1. Triggered email open rates are four times higher than newsletters
  2. LinkedIn responsible for 64% of visits from social media channels to corporate websites

If these stats get you thinking about your marketing & you would like to talk, feel free to give us a call.

New app to edit MS Office files on your Tablet or Smartphone

cloudonLast time we told you about a new remote desktop app from Microsoft allowing you to access your desktop PC from a Tablet or SmartPhone but what if you want to write or edit Office documents directly on your device? On iOS, it has been possible to use apps such as Numbers and Pages (incidentally these apps are now free downloads where they used to cost around £14) to open Excel and Word files and there are similar options on Android but these weren’t always the most convenient approaches. Now there is CloudOn. With CloudOn you can use MS Word, Excel and PowerPoint on your tablet or smartphone to create, review and edit files.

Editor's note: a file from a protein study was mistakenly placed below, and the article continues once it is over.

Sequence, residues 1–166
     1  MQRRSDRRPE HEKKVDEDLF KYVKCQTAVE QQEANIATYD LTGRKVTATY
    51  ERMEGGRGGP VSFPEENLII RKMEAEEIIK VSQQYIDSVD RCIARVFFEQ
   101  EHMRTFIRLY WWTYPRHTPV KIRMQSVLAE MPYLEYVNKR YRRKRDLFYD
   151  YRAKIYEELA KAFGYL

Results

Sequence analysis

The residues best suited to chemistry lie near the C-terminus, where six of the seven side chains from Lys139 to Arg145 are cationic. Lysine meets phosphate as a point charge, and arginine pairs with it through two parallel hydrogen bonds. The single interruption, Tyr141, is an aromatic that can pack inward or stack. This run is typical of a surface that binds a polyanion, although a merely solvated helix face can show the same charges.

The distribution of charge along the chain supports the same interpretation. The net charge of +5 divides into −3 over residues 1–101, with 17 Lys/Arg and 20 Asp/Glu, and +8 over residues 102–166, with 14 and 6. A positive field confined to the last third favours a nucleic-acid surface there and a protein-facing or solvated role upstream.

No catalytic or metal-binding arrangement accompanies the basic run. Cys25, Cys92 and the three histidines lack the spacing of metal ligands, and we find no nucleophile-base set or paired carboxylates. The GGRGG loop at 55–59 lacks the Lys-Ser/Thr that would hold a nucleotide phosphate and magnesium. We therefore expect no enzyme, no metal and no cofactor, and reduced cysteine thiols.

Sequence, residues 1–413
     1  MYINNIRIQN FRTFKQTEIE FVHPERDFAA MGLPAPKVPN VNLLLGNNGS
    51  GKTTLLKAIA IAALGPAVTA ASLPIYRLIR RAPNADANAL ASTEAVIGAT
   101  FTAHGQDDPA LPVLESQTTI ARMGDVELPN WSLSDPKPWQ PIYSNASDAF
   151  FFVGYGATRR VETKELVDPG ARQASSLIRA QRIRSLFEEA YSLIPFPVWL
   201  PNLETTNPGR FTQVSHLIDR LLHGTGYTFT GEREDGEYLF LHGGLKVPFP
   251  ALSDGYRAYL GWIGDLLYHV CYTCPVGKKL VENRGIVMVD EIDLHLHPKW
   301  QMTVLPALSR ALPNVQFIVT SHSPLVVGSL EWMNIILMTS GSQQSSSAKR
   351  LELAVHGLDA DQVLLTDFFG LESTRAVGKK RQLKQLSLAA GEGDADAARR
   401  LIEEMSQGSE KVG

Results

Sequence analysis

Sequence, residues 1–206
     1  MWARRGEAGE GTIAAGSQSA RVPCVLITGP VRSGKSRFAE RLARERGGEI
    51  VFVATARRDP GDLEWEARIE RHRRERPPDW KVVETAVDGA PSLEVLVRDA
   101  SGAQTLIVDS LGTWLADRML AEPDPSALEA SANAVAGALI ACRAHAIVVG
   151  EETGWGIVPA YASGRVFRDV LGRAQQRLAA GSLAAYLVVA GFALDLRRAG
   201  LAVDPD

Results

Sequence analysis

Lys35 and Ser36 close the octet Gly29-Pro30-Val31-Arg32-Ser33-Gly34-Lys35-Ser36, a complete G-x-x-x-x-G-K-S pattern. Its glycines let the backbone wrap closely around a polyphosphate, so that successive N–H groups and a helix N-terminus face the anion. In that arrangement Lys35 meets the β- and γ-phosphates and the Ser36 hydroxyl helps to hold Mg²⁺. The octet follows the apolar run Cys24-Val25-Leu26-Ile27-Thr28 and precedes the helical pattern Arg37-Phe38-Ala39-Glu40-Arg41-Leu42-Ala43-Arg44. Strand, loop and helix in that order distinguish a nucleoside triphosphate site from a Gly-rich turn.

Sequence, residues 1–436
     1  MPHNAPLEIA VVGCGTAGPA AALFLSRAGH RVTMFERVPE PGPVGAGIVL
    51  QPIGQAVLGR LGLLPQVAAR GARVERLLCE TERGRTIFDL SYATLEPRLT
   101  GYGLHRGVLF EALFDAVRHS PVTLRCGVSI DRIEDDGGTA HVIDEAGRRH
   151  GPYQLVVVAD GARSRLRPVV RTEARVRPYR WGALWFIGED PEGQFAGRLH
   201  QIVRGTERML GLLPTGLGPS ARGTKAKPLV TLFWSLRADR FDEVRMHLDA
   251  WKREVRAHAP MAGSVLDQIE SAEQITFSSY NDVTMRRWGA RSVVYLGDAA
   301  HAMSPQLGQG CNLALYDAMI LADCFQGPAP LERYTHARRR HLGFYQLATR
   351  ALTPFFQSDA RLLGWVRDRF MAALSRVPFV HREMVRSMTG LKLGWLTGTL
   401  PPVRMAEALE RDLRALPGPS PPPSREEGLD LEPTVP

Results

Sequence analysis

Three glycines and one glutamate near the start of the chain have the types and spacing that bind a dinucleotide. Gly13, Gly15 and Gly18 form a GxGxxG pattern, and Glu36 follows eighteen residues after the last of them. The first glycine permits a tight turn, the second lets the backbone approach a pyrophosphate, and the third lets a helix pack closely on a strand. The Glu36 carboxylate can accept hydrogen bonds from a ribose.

• Create, review, edit and share documents, spreadsheets and presentations.
  • Display presentations; insert formulas, change formatting, and track changes.
  • Open, rename, delete and manage virtually any file type stored in your Dropbox, Box, Google Drive or Microsoft SkyDrive accounts.
  • Share files with colleagues and discuss any changes on the shared FileSpace where every edit, action & message is logged automatically.

I use it coupled to DropBox meaning all my files are available and editable everywhere. It’s great! Even better, the basic version of CloudOn is free. With this you can do most basic edits and updates. Even if you want the full functionality available from the Pro version, up until 31 December 2103 this will only cost you £1.99 per month if you just want it for a short time, or £20.99 for a full year. Download for your device:

 

New Remote Desktop app for iOS and Android